Over $350,000 for lawyers, but on the verge of bankruptcy?

In a recent Family Court case, the husband said that he had no money to pay towards the wife’s legal fees, that a “bankruptcy position looms”, and did not control several companies, but for some reason those companies had paid over $350,000 to his lawyers towards his legal fees. The wife, in the case of… Read More »Custom Single Post Header

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Over $350,000 for lawyers, but on the verge of bankruptcy?

In a recent Family Court case, the husband said that he had no money to pay towards the wife’s legal fees, that a “bankruptcy position looms”, and did not control several companies, but for some reason those companies had paid over $350,000 to his lawyers towards his legal fees.

The wife, in the case of Iphostrou and Iphostrou, owed almost $200,000 to her lawyers, and asked for $500,000 from the husband for her future costs, to help with her anticipated total legal bill of almost $900,000. The wife did not end up getting her $500,000 but got the next best thing: guaranteed payments and restrictions on the husband’s spending on his own costs.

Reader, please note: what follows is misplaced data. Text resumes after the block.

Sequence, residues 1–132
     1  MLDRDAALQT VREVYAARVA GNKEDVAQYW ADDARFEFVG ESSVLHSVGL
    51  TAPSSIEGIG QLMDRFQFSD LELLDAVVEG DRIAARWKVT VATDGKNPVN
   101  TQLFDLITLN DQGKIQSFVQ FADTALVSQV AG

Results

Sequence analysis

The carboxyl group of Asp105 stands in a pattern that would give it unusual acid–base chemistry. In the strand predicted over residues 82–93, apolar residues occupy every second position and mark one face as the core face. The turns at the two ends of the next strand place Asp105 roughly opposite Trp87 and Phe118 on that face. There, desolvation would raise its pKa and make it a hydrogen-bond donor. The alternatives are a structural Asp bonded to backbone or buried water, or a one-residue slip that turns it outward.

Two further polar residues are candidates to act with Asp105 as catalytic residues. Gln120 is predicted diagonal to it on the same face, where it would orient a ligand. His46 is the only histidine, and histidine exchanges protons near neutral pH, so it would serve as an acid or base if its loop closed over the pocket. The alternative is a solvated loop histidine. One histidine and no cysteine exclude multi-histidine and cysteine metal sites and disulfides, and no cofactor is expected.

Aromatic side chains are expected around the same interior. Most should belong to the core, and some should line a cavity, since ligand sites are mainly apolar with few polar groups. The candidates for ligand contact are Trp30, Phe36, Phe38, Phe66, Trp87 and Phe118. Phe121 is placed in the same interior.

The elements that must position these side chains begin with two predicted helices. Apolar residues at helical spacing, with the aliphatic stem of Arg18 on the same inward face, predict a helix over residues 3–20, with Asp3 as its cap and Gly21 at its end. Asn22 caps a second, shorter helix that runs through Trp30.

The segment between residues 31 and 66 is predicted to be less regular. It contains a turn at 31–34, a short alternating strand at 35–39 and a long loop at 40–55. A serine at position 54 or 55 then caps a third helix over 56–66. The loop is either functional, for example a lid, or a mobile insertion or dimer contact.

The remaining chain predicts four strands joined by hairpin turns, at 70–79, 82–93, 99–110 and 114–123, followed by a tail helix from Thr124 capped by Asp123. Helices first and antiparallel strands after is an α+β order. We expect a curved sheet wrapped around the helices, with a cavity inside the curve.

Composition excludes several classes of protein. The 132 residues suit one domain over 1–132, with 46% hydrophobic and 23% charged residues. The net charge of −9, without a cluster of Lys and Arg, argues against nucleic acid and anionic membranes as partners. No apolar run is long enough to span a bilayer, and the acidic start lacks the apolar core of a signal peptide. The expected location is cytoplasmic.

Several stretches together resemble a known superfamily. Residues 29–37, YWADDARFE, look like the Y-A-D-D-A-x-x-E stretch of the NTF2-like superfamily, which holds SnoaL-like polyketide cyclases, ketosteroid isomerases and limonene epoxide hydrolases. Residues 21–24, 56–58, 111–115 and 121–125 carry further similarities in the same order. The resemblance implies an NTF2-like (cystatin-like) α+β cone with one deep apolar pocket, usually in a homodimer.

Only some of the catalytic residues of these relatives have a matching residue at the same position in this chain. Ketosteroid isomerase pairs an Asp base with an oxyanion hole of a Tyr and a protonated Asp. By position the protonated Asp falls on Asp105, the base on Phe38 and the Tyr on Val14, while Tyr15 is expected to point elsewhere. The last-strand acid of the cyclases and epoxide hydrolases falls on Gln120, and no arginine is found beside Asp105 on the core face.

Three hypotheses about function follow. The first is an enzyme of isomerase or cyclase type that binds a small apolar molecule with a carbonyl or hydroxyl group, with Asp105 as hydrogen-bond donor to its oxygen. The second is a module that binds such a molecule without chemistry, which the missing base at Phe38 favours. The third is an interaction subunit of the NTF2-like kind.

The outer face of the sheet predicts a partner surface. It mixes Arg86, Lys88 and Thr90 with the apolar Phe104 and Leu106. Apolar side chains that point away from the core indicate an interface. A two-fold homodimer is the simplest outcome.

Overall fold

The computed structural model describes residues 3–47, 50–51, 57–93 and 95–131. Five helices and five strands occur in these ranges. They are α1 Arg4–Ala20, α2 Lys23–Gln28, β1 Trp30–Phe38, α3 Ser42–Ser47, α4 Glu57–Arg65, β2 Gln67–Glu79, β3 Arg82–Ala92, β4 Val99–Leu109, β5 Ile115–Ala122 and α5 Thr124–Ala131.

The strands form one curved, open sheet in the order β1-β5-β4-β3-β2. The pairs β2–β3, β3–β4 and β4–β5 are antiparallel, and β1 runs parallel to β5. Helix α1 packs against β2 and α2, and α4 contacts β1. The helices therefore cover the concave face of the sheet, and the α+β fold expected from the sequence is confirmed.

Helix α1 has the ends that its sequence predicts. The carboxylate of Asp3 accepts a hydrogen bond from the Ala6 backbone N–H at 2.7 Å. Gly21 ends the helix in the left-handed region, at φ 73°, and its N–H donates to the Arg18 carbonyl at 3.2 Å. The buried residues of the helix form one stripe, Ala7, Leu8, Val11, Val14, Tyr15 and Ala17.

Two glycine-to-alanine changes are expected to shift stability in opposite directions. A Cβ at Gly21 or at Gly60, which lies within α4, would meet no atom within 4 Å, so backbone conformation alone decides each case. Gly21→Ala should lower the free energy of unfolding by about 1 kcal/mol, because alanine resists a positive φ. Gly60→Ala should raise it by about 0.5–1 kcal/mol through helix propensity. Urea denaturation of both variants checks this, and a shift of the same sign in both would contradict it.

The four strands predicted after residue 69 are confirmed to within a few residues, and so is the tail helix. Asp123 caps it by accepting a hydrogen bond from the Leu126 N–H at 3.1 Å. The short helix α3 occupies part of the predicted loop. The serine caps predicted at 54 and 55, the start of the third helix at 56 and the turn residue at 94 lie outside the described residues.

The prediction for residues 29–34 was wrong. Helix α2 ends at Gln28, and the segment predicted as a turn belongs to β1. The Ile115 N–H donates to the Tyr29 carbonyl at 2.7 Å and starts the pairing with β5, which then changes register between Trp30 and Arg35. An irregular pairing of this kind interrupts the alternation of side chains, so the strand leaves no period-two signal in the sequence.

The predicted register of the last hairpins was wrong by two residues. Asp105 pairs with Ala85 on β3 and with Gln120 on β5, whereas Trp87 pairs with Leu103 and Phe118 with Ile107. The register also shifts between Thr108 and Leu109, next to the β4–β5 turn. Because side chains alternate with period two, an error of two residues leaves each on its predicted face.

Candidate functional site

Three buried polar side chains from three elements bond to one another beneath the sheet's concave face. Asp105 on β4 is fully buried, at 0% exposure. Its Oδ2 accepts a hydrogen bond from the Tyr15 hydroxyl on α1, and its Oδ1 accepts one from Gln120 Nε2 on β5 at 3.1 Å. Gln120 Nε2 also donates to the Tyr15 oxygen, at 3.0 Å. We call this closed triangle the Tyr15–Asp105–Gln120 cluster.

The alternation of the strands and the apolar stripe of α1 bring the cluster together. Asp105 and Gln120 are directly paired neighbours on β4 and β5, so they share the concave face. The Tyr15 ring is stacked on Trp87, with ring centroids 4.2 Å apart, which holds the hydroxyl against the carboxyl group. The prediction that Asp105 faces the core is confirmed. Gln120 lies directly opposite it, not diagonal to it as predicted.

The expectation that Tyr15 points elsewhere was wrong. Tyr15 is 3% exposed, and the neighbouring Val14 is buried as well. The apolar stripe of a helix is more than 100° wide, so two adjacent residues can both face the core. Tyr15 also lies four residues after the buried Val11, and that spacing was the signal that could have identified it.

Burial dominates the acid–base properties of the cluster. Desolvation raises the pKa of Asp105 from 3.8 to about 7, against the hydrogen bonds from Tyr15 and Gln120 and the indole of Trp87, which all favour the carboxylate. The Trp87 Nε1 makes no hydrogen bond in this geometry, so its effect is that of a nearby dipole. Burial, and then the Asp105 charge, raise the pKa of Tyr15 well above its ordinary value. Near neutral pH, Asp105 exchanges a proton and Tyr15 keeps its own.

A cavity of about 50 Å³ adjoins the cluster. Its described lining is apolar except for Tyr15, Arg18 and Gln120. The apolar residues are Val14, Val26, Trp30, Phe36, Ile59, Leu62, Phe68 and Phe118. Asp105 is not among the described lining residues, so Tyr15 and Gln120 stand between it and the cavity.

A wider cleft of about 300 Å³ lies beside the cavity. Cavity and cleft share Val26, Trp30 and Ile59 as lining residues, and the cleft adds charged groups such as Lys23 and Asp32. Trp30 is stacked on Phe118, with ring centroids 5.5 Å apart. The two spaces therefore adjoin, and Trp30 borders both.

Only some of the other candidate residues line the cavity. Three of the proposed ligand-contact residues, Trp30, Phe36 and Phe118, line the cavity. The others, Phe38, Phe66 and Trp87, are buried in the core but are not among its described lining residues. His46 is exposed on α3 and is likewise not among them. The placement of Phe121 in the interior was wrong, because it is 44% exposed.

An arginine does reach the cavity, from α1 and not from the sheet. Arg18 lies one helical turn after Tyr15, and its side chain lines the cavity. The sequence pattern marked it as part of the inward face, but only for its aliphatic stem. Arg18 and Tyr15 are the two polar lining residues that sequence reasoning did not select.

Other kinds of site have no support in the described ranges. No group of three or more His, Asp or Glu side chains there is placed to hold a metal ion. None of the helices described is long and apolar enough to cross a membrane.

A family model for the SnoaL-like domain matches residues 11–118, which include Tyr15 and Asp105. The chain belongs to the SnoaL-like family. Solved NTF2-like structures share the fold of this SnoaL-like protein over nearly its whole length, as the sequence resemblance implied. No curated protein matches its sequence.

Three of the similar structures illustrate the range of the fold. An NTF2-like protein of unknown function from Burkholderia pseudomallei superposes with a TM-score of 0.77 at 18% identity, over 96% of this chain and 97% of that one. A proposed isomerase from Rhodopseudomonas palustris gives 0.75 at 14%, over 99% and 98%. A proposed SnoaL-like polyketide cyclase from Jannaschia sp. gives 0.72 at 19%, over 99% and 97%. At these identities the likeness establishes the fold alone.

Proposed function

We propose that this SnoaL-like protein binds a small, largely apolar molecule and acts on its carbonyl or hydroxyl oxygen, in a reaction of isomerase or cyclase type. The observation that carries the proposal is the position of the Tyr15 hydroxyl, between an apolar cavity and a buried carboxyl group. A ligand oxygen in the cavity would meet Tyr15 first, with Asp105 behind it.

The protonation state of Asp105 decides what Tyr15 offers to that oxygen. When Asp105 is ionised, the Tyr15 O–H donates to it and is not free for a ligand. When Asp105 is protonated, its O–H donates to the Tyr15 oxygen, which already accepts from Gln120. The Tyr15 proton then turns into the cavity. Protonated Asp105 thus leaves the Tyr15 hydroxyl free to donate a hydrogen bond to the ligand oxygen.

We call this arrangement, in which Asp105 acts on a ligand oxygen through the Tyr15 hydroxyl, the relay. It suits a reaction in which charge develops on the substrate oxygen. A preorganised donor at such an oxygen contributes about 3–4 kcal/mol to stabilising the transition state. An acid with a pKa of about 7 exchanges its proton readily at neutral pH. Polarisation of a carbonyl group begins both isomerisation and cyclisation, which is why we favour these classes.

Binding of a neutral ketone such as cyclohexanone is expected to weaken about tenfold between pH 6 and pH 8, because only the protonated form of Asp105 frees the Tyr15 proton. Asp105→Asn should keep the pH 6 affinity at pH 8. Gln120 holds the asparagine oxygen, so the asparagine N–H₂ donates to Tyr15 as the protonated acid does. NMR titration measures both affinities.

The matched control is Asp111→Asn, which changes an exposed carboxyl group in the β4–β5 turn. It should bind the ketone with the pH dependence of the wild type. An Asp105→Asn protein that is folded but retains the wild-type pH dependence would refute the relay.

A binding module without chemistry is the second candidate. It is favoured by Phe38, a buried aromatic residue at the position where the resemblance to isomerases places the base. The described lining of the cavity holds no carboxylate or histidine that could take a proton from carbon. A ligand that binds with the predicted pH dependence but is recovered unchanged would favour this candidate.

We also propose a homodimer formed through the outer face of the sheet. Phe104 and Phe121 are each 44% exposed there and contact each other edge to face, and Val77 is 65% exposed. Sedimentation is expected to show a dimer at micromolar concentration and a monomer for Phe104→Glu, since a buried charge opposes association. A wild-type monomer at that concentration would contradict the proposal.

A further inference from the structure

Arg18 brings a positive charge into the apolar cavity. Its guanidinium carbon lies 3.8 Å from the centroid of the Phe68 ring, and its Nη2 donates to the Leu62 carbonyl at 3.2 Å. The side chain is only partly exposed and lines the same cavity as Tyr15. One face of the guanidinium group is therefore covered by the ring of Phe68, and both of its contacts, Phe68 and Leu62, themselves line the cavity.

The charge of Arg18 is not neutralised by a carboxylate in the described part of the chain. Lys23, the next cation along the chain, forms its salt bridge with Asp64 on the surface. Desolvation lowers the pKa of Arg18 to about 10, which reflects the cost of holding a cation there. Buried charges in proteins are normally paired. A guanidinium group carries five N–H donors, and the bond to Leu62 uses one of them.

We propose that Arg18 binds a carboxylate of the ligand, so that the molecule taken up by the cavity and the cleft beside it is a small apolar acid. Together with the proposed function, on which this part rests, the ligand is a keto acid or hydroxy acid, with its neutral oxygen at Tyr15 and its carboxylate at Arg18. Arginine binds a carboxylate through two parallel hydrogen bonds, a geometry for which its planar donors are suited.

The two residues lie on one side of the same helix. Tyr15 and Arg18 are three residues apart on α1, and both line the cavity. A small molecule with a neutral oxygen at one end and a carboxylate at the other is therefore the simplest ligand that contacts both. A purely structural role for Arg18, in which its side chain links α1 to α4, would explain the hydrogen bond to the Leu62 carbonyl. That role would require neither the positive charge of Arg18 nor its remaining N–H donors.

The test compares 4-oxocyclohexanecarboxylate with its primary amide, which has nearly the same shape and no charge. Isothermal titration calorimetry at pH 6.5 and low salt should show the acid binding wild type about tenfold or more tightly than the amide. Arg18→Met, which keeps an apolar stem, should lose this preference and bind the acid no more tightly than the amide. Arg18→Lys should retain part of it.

Justice Cronin, in considering the wife’s position, noted:

One significant dispute between the parties related to whether the various corporate entities owed the husband money. The wife pointed to a document obtained from the computers of the entities showing that he was owed millions of dollars. The same document but formally completed and lodged for corporation purposes, not only showed that he did not have such an asset but that he owed the corporate entities money. No explanation was given as to why that might be so and no doubt it will be the subject of intense scrutiny and ultimate cross-examination.

Ultimately his Honour said that there needed to be a “level playing field” and ordered that every time money was paid to the husband’s solicitors , the same amount had to be paid to the wife’s solicitors, in a dramatic version of what is known as a dollar for dollar order.

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